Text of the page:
Résumé Bycatch of several groups of species and their characteristics are presented for the period 2003 to 2007 for the European purse seine tuna fishery operating in the Atlantic Ocean. Data were collected through French and Spanish observer programmes and represented a total of 27 trips corresponding to 2.9% coverage. Bycatch is defined as non-targeted species and small or damaged target species. Bycatch species composition, main species length, sex ratio and the fate of the most common species are presented first. Stratified ratios relative to landings of major commercial tunas were then used to estimate the total bycatch; these ratios were considered the most appropriate variable for extrapolation. Stratification was based on the fishing mode (free school vs. floating object), season (quarters) and spatial areas. The annual average bycatch was estimated at about 6400 t, corresponding to a mean annual value of 80.8 t per 1000 t of tuna landed or 7.5% of the total catch. Tunas represent 83% (67.2 t/1000 t) of the total bycatch, followed by other bony fishes (10%, 7.8 t/1000 t), billfishes (5%, 4.0 t/1000 t), sharks (1%, 0.9 t/1000 t) and rays (1%, 0.9 t/1000 t). Based on estimates of the annual bycatch, 16% was kept on board and sold in local markets.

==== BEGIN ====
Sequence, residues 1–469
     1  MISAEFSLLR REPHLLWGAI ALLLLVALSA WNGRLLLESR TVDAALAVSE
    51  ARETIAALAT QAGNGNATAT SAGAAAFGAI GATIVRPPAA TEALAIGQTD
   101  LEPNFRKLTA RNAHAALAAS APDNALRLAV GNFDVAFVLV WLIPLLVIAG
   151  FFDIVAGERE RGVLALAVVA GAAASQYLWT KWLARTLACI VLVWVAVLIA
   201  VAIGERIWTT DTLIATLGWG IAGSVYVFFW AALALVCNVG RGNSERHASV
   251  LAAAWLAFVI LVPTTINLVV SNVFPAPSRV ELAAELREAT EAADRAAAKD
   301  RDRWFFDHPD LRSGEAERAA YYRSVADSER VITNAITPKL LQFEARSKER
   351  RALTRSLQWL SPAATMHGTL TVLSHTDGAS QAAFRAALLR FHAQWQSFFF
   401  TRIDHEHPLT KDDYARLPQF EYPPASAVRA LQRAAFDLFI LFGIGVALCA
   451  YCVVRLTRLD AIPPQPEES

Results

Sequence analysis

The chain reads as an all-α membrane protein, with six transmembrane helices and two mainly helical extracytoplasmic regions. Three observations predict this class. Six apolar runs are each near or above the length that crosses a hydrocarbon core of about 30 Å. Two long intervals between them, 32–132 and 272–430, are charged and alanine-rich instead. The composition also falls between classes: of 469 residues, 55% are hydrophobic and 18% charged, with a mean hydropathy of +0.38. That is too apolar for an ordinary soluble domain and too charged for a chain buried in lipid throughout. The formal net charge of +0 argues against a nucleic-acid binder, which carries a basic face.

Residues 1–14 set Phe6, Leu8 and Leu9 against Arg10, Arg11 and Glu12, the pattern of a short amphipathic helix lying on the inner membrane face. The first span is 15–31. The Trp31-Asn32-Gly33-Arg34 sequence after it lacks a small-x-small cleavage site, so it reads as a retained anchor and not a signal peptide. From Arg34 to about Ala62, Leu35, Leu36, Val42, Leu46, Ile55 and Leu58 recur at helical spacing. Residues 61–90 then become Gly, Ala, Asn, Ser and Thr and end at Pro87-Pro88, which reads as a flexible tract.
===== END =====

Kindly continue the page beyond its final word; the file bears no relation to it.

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Auteur institutionnel Thèse
Editeur Lieu de Publication Éditeur
Langue Langue du Résumé Titre Original
Éditeur de collection Titre de collection Titre de collection Abrégé
Volume de collection Numéro de collection Edition
ISSN 0990-7440 ISBN Médium
Région Expédition Conférence
Notes Approuvé pas de
Numéro d'Appel LL @ pixluser @ collection 56